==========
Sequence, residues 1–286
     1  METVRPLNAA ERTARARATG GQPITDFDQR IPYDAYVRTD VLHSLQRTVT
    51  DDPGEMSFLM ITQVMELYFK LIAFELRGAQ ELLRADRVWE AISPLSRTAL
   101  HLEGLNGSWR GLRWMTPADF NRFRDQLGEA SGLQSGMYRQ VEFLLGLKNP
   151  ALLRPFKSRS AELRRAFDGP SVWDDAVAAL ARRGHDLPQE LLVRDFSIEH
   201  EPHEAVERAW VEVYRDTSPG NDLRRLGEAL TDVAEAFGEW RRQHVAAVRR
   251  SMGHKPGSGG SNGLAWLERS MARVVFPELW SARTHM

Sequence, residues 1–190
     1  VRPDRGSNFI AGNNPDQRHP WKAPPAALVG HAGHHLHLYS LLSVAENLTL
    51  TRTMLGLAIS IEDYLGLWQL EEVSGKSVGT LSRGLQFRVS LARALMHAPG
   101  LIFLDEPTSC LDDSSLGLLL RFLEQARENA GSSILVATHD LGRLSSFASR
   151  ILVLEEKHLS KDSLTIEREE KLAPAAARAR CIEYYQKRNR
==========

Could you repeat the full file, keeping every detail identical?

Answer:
Sequence, residues 1–286
     1  METVRPLNAA ERTARARATG GQPITDFDQR IPYDAYVRTD VLHSLQRTVT
    51  DDPGEMSFLM ITQVMELYFK LIAFELRGAQ ELLRADRVWE AISPLSRTAL
   101  HLEGLNGSWR GLRWMTPADF NRFRDQLGEA SGLQSGMYRQ VEFLLGLKNP
   151  ALLRPFKSRS AELRRAFDGP SVWDDAVAAL ARRGHDLPQE LLVRDFSIEH
   201  EPHEAVERAW VEVYRDTSPG NDLRRLGEAL TDVAEAFGEW RRQHVAAVRR
   251  SMGHKPGSGG SNGLAWLERS MARVVFPELW SARTHM

Sequence, residues 1–190
     1  VRPDRGSNFI AGNNPDQRHP WKAPPAALVG HAGHHLHLYS LLSVAENLTL
    51  TRTMLGLAIS IEDYLGLWQL EEVSGKSVGT LSRGLQFRVS LARALMHAPG
   101  LIFLDEPTSC LDDSSLGLLL RFLEQARENA GSSILVATHD LGRLSSFASR
   151  ILVLEEKHLS KDSLTIEREE KLAPAAARAR CIEYYQKRNR